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ANTONY AND CLEOPA­TRA The Stratford HD se­ries, in which live stage pro­duc­tions of Shake­speare plays from On­tario’s Stratford Fes­ti­val are filmed with the tech­niques of movie di­rec­tors, has so far proved top-drawer in broad­casts of King Lear and King John. Now a queen comes to the fore in Antony and Cleopa­tra, in which the monarch of Egypt is courted by a co-ruler of Rome, Mark Antony. Mar­i­tal com­pli­ca­tions, po­lit­i­cal tur­moil, and much pas­sion en­sue be­fore both the lovers meet their ends — Mark Antony fall­ing on his sword on be­ing falsely in­formed of Cleopa­tra’s death, Cleopa­tra com­mit­ting sui­cide-by-snakebite rather than sub­mit to Ro­man im­pris­on­ment. Shake­speare was at the top of his po­etic form in this play, which here is cap­tured in a pro­duc­tion fea­tur­ing Stratford Fes­ti­val reg­u­lars Yanna McIn­tosh and Geraint Wyn Davies. Some crit­ics ex­pressed reser­va­tions about direc­tor Gary Grif­fin’s stage pro­duc­tion, but its cin­ema­ti­za­tion (over­seen by Barry Avrich) may ac­tu­ally prove salu­tary for this fleetly flow­ing play. 11:15 a.m. Sun­day, May 24, only. Not rated. 170 min­utes. The Screen, Santa Fe. ( James M. Keller) FAR FROM THE MADDING CROWD Rated PG-13. 119 min­utes. Vi­o­let Crown, Santa Fe. See re­view, Page 46.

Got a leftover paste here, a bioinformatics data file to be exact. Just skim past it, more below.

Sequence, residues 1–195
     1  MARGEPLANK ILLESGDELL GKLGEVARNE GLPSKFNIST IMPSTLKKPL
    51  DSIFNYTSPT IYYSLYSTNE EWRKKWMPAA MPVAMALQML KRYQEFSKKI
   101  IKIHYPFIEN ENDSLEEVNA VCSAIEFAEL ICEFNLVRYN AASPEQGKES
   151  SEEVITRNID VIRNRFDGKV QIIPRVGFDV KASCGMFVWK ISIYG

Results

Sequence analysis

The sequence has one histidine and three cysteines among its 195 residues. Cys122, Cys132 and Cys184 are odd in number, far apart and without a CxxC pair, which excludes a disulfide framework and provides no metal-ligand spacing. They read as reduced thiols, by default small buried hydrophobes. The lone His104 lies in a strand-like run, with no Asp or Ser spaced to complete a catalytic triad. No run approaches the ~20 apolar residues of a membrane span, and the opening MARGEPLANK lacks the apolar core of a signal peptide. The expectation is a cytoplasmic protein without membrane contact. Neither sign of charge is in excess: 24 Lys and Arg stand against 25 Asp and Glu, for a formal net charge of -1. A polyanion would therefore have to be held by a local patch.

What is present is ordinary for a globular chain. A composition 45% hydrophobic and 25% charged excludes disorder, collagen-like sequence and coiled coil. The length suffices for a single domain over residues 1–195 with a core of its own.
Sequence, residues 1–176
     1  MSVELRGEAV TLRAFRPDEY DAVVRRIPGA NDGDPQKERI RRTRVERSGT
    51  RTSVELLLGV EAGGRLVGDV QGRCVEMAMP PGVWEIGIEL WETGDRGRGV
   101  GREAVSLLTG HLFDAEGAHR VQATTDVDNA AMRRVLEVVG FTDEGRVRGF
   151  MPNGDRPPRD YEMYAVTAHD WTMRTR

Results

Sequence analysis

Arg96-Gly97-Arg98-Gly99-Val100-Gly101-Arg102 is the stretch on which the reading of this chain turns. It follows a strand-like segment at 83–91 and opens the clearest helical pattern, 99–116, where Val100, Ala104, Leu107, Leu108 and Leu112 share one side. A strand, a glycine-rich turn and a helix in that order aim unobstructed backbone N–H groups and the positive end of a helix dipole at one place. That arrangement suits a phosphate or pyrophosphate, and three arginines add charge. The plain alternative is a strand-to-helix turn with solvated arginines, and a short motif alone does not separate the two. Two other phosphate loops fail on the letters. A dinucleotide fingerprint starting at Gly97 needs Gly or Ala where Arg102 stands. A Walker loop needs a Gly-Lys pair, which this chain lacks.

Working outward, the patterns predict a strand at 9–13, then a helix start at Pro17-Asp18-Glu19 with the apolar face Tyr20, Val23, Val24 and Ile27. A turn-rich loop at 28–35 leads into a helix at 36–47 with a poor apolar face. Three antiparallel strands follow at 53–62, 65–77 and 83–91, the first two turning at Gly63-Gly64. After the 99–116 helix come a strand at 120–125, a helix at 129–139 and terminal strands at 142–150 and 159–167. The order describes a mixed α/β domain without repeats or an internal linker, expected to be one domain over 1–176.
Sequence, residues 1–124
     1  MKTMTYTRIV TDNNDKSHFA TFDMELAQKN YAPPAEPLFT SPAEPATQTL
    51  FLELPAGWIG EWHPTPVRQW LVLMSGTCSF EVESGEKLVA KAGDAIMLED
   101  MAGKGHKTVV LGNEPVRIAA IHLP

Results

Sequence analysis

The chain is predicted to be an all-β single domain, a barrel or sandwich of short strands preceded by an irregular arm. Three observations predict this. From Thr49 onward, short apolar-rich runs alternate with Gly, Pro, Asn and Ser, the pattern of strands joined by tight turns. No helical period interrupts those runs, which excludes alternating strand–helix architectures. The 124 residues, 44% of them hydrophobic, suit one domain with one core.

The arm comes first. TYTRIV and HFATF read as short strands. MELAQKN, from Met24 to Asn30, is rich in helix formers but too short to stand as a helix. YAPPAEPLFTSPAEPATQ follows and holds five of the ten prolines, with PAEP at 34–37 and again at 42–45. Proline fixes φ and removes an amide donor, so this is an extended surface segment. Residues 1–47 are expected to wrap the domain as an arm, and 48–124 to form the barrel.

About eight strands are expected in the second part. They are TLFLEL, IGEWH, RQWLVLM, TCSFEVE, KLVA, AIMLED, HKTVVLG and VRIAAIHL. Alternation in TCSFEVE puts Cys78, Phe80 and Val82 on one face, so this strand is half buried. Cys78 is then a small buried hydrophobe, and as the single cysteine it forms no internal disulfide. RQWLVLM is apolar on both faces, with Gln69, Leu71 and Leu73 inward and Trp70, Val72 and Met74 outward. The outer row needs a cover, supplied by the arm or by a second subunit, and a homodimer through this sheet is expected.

FÉLIX AND MEIRA This ten­der, sen­si­tive, and chaste ro­mance about a young Ha­sidic wife and mother drawn into a re­la­tion­ship with an aim­less mid­dle-aged out­cast mem­ber of a wealthy Jewish fam­ily heaves sighs of long­ing but never rises much above the breath­ing level. Stuck in what feels like an ar­ranged mar­riage to a de­cent but unin­spir­ing scholar, Meira (the In­grid Bergman-es­que Hadas Yaron) re­sists the ad­vances of Félix (Martin Dubreuil), but not for long. Canadian direc­tor Maxime Giroux isn’t di­rectly crit­i­cal of the Ha­sidic life, but he shows how tempt­ing some pop mu­sic, a pair of jeans, and a soul­ful, clean-shaven man with a bit of money can be. Rated R. 105 min­utes. In French, English, and Yid­dish with sub­ti­tles. The Screen, Santa Fe. ( Jonathan Richards)

GOOD KILL Rated R. 103 min­utes. Cen­ter for Con­tem­po­rary Arts, Santa Fe. (Jonathan Richards) See re­view, Page 48.